Check out this post from Dr. Fred Sai, co-host of Women Deliver 2010 and former advisor to the Ghanaian government on reproductive health and HIV/AIDS. You can follow the live stream of the Women Deliver 2010 conference from June 7th to 9th at www.womendeliver.org/webcast.
This March, the Lancet released new statistics that revealed an unprecedented drop in the number of women who die every year during pregnancy and childbirth. The study found that from 1980 to 2008, maternal deaths globally have fallen from 500,000 each year to 340,000. Having spent some 40 years working on women and children’s health in Ghana and across Africa, I welcomed this progress. But as the world celebrated, I also couldn’t help but wonder, “Where is Africa?”
It is an unfortunate truth that progress for the world at large does not necessarily mean progress for Africa. In 1980, almost a quarter of maternal deaths occurred in African countries. Today that figure has doubled to more than half. All but one of the 30 countries with the worst maternal mortality statistics are in Africa. And while countries like Ghana and Rwanda have seen a steady decline in maternal deaths over the past 15 years, others such as Malawi, Lesotho, Zimbabwe, Nigeria and Cote d’Ivoire actually have higher maternal mortality rates than they did in 1990.
Addressing maternal mortality in Africa is complex and challenging. Our countries face increasing rates of HIV, entrenched and debilitating poverty, food shortages, weak education and health care systems, problematic governance, corruption, and civil conflict. These are huge issues in their own right, but they also have significant impact on maternal, newborn and child health. The challenges, however, are not the whole story.
Many African leaders understand the urgency of addressing the maternal health crisis, despite its complexity. They have a sister, a niece, or a daughter who has died—or if they do not, they certainly understand the broader impact maternal death has on their countries. Women are the heart of African economies. They transport two-thirds of all goods that are moved and produce 60-80 percent of the food in the developing world. And maternal and infant deaths account for $15 billion in lost productivity.
It doesn’t need to be like this. I am confident that we can address this crisis if we shift our approach and start investing in women. We must increase women’s access to health services. We must promote business development and support women with grants and loans. We must ensure that girls have access to quality education. And we must work to convince our neighbors, be they relatives or countries, to prioritize women and girls in all that they do.
Many African governmental, academic and civil society leaders have answered this call and taken bold, local action to address this urgent issue. For example in November 2009, leading African science academies gathered together to produce scientific guidelines for reducing maternal mortality across the continent. In my home country of Ghana, two successive governments have championed free maternal health care for all. Ghana is now seeing what improving maternal health can do for a country. Despite the global recession, the economy has been growing, and of all African countries, it has made some of the most progress on the Millennium Development Goals.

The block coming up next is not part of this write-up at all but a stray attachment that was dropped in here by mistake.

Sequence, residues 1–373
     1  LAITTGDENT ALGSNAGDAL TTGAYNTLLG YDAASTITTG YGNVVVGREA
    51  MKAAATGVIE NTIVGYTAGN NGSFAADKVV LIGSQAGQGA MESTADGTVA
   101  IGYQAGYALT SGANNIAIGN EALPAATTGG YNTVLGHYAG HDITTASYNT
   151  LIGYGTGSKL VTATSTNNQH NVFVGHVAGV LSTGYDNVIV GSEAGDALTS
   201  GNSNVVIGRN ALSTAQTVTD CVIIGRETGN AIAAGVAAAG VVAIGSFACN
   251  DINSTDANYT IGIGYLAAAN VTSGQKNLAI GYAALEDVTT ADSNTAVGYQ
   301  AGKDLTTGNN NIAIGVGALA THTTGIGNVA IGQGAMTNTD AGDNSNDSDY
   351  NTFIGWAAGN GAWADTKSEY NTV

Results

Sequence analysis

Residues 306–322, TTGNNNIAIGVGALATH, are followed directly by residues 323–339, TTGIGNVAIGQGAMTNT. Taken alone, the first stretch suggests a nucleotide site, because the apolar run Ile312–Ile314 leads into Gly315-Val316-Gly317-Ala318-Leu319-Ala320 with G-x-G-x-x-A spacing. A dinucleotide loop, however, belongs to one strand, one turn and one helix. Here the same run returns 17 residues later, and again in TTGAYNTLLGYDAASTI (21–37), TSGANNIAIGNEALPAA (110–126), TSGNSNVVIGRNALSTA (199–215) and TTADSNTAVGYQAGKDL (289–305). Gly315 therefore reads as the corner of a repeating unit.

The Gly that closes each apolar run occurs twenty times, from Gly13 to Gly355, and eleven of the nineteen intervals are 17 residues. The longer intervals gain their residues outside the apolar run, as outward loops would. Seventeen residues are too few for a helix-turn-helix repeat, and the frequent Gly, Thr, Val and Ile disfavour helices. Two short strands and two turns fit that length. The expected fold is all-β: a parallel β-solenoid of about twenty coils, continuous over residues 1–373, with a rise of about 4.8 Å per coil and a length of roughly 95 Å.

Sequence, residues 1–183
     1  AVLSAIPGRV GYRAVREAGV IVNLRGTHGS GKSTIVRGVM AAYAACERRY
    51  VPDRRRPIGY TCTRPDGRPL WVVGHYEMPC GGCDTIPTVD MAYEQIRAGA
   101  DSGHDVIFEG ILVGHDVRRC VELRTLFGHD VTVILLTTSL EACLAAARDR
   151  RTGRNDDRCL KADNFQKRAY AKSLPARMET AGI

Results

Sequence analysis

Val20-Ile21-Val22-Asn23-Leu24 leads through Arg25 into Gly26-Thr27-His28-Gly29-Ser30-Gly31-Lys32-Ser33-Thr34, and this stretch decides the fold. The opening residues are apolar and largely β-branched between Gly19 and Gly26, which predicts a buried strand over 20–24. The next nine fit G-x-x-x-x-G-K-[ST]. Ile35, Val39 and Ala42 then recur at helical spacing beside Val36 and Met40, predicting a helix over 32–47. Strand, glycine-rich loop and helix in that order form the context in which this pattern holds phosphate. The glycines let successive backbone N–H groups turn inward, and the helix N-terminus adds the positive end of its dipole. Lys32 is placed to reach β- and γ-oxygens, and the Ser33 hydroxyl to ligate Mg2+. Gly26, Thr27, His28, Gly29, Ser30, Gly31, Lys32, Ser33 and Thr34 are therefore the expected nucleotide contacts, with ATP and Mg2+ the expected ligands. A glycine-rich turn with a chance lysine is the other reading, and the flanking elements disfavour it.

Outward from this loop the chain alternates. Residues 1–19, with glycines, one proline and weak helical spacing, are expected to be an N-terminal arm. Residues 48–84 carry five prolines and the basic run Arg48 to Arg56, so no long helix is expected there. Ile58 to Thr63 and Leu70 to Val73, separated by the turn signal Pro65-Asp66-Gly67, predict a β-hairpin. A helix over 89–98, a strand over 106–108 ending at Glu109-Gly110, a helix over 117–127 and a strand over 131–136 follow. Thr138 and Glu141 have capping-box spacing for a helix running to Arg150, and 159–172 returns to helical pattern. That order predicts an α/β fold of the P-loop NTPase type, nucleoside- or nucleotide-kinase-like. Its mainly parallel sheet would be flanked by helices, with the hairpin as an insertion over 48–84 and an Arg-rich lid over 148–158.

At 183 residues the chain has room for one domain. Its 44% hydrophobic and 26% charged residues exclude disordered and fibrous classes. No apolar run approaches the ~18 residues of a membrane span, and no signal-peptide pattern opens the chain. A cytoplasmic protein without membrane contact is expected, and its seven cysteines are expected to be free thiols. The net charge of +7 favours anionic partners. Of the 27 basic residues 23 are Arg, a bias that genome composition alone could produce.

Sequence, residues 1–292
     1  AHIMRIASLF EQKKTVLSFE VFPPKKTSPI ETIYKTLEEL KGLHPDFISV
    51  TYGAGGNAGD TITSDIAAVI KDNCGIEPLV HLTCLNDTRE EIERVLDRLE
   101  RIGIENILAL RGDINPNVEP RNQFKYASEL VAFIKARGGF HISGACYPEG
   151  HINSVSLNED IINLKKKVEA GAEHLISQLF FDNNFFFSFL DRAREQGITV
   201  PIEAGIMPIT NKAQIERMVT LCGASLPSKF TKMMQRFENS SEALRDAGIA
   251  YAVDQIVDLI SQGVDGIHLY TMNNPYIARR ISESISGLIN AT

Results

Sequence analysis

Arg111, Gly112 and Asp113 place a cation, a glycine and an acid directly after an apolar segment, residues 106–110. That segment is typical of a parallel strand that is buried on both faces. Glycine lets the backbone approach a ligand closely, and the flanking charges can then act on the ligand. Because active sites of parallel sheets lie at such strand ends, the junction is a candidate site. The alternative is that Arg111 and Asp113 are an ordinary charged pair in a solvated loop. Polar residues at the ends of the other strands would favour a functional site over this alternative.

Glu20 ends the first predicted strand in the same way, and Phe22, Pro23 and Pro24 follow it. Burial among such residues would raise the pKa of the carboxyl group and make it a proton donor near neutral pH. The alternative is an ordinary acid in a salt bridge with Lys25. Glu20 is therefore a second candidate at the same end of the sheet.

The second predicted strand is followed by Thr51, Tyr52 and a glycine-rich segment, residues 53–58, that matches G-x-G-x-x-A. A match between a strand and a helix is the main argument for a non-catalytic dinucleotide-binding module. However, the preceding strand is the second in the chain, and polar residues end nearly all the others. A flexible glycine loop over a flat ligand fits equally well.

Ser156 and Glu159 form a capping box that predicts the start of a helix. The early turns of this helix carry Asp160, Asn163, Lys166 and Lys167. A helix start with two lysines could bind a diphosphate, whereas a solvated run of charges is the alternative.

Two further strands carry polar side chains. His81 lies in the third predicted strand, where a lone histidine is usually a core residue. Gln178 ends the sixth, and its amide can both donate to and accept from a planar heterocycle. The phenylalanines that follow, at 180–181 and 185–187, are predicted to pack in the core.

African leaders are also insisting, rightfully, that their voice on this issue be heard. In less than two weeks, I will be joining 16 health and finance ministers and 15 members of parliament from 22 countries in Africa at Women Deliver, the largest global conference on maternal health in the past decade. Just weeks before the June G8/G20 meeting in Canada—where maternal health will be a top priority—Women Deliver will call on member states to increase their financial commitments to women and girls.
In July, African leaders will gather again at the Summit of the African Union. Here they are expected to renew the Maputo Protocol (which I should point out was drafted by African leaders) and includes perhaps the most comprehensive set of women’s rights ever recorded in an international treaty. With strong efforts like these, African governments have shown the depth of their commitment to these issues. Now, we need to follow through.
African countries are not alone in this struggle. In fact, in recent years, maternal deaths in the United States have also taken a dramatic turn for the worse. And addressing maternal health globally requires more than just African commitments. It depends on action from donor countries, other developing countries, businesses, and non-government and multilateral organizations alike. But African countries have the most to lose in this struggle and also the most to gain. This issue is about our family members and friends; it is about our economies and our countries; and it is about the survival and future of our children.
Reducing maternal deaths is not a simple battle, and the increasing ratio of maternal death in African countries will continue to shame and burn me until we see progress across the continent. I do, however, rest a little bit easier seeing the momentum around this issue. And I hope that when the next round of statistics are released, the story is about African progress—progress that was spearheaded by Africans. When you look at the statistics, you might also ask the question, “Where is Africa?” You can be sure that Africa is here. I urge you to support our effort.
-Dr. Fred Sai